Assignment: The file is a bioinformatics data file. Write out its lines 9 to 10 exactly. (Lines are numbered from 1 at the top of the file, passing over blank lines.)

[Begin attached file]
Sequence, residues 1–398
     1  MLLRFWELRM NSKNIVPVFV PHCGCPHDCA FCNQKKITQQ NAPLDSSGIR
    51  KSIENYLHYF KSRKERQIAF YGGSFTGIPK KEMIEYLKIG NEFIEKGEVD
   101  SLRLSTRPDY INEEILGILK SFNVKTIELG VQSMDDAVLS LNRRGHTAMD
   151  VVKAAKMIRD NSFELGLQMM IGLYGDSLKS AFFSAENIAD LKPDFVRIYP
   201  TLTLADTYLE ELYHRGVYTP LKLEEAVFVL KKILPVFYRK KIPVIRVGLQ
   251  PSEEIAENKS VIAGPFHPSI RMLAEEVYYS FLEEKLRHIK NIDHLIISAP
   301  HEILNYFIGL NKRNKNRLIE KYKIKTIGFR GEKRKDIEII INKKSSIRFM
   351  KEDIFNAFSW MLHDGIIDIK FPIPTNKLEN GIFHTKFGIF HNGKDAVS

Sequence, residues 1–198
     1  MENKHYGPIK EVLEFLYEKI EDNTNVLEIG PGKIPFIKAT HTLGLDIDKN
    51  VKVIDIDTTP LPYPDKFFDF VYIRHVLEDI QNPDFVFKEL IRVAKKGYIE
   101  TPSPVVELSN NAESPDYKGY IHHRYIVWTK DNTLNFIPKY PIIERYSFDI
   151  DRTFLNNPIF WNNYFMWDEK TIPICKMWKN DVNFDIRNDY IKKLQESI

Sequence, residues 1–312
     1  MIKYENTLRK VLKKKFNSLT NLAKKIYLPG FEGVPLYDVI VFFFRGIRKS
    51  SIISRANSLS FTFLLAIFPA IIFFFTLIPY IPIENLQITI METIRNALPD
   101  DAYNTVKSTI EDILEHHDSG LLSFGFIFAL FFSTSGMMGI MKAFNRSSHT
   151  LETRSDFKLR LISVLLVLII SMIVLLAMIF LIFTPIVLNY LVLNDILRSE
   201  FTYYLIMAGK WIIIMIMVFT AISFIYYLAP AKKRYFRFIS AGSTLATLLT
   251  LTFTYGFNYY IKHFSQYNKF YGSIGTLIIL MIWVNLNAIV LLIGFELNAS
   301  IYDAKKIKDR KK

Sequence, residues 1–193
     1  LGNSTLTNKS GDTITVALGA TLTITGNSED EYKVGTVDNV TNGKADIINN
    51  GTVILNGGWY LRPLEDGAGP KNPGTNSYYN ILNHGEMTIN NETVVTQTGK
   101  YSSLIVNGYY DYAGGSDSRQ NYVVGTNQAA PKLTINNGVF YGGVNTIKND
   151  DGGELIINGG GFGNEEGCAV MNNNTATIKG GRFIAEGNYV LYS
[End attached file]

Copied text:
   351  KEDIFNAFSW MLHDGIIDIK FPIPTNKLEN GIFHTKFGIF HNGKDAVS

Sequence, residues 1–198